Patent battles hold up creation of 56Kbit/s modem standard

The arrival of an international standard for 56Kbit/s modems may be delayed for months. That's the word from the International Telecommunications Union committee that's been hammering out a standard for the fast modems. A spokesman says 'issues related to intellectual property than technical issues' are the sticking point. The x2 and K56flex camps are at loggerheads and 'neither camp wants to make it appear that the other side has won.'

The arrival of an international standard for 56Kbit/s modems may be delayed for months.

That's the word from the International Telecommunications Union committee that's been hammering out a standard for the fast modems.

Disagreements over patent issues may prevent the committee from keeping to its timetable of having a draft recommendation early next month, according to Les Brown, who heads the ITU's Expert Group.

"It appears to me that we're stuck more on issues related to intellectual property than technical issues," Brown says. "I think neither camp wants to make it appear that the other side has won.... The major players want to feel that they're not going to be at a disadvantage."

Those two camps in the standards process, of course, include supporters of the x2 protocol from 3Com/US Robotics, and the K56flex consortium led by Lucent and Rockwell. The ITU committee had hoped to sign off on a draft standard before it wraps up four days of meetings on September 8. That "determination," as it's called, would then be ratified by the full ITU study group at its next gathering in January 1998.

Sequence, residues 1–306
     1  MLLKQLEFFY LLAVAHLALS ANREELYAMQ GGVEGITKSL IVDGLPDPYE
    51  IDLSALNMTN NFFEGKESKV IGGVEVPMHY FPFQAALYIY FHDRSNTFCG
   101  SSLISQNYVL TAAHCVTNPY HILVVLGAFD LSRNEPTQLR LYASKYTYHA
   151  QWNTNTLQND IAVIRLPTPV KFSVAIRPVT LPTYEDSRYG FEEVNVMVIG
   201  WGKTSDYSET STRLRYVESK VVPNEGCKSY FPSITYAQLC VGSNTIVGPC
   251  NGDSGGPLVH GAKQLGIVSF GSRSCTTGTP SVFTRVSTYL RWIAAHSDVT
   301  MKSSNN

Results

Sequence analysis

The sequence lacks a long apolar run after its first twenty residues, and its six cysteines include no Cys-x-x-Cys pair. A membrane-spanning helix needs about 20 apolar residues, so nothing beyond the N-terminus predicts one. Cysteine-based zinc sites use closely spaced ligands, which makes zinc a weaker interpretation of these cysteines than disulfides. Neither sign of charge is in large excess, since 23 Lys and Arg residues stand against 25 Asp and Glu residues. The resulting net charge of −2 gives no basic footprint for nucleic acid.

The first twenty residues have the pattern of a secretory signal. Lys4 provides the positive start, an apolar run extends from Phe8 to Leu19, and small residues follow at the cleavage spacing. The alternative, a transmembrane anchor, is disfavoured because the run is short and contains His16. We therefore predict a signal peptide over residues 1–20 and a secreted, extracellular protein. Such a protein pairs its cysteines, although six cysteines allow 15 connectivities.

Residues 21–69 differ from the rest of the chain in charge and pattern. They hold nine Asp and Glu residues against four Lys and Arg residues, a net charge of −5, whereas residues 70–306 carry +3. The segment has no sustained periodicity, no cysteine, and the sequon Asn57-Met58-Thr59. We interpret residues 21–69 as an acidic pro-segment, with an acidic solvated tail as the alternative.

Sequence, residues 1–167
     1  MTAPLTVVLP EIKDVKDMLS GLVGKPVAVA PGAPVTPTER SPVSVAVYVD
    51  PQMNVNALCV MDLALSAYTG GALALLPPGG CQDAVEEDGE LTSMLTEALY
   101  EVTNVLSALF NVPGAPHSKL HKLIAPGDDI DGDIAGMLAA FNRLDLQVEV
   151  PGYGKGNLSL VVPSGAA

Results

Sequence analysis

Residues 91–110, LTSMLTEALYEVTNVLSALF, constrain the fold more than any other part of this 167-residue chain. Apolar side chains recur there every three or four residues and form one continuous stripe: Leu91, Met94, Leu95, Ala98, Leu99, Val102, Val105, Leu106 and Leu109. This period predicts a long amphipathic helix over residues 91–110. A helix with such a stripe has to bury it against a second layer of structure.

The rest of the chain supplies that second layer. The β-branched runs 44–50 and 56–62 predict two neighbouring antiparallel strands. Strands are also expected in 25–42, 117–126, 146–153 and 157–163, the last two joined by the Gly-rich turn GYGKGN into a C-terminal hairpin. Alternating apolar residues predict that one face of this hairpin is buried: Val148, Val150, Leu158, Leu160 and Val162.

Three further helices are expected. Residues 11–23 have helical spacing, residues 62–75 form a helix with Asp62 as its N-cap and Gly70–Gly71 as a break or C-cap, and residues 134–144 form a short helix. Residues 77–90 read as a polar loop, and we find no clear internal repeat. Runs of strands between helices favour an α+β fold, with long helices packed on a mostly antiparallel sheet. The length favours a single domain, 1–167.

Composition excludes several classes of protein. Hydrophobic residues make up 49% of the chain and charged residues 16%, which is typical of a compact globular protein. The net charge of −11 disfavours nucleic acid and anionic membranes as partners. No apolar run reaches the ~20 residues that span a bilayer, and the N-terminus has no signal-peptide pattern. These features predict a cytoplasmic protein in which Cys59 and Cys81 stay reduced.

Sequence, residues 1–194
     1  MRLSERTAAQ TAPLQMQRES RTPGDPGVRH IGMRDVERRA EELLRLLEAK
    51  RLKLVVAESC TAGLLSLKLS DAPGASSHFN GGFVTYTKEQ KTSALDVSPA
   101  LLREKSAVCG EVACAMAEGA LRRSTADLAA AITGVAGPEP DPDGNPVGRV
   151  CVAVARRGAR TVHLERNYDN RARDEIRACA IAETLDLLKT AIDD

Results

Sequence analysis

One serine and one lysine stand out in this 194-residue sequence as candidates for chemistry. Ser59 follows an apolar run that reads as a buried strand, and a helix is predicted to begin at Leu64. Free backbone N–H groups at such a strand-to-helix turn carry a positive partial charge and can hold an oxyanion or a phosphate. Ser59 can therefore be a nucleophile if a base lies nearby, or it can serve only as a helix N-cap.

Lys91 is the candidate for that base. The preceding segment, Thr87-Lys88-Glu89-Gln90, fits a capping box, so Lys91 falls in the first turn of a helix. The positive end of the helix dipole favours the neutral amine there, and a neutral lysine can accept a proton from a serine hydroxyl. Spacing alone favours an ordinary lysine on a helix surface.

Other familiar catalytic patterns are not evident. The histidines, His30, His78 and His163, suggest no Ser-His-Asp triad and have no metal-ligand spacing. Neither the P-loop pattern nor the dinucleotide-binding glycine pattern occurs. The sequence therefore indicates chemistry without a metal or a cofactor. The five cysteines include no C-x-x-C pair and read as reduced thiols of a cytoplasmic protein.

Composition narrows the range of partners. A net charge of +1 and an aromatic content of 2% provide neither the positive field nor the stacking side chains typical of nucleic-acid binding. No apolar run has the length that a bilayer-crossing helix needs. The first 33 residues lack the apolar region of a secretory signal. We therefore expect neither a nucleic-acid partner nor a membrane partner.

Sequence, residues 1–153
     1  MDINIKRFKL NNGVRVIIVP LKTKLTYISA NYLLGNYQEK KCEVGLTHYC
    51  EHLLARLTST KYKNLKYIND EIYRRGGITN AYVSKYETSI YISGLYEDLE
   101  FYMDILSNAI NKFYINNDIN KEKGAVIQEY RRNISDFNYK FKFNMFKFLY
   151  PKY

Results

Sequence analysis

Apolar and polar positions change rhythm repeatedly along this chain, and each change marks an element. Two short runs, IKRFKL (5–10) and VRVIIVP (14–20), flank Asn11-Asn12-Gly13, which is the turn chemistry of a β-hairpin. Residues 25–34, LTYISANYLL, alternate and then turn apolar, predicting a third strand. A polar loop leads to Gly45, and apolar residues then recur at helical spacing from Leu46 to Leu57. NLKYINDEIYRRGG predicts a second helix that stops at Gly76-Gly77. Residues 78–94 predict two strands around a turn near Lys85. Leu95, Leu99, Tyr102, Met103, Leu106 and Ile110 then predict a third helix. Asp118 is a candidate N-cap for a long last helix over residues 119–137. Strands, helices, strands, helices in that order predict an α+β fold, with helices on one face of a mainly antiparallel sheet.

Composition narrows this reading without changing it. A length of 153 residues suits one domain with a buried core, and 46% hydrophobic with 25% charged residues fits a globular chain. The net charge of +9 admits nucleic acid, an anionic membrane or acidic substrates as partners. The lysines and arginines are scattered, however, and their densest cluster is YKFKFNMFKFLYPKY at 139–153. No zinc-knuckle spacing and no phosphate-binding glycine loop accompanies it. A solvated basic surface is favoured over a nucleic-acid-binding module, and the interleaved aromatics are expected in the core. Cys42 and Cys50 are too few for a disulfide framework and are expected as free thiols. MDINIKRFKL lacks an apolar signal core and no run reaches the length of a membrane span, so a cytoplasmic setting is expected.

The point of all these meetings is to finally enable the two flavours of 56Kbit/s technology to speak the same language. But Brown says that right now the committee is split over "data mode mapping schemes," and may not be able to come to a resolution anytime soon.

"I'm not as optimistic as I was," he says. "It's still possible to pull it all together, but it's really going to boil down to when the camps are willing to make a compromise. When that happens, things will happen quickly. So if that happens in the next couple of weeks, then we'll probably get a recommendation process at the September meeting. If it happens a month from now, we may decide to follow two paths, maybe do a TIA interim standard in the U.S., as well as determine a recommendation in January. If it doesn't happen before January, well then things really get delayed."

3Com vice president Joe Dunsmore has downplayed the committee's internal conflicts, saying it's par for the course in setting standards.

"There's a lot of people involved, and there's a lot of different intellectual property contributions that are made by the various companies," he says. "We're in that process, and I would say it's too early to predict whether we'll actually meet the goal of September or not. The companies involved are trying to move in that direction."

Dunsmore says the lack of an international standard hasn't slowed customer adoption of 56Kbit/s modems. He reports that 3Com's sales of X2 modems are ramping up several times faster than the sales of V.34 modems did.

David Takata, a research analyst with investment firm Gruntal and Company, says most 56Kbit/s modem makers are offering free upgrades to the ITU standard - whenever it appears - and that savvy marketing ploy is boosting sales.

But many buyers have been put off by the modem wars, and they want to see an international standard soon, says Les Jones, an employee at an Internet service provider who maintains a Web site about 56Kbit/s modems.

"I think if there was a standard, it would eliminate a lot of the confusion," says Jones, "And people could get past the x2 versus K56flex question and start saying, 'Which modem do I like best? Which is best for my needs?' Which is where people need to be."

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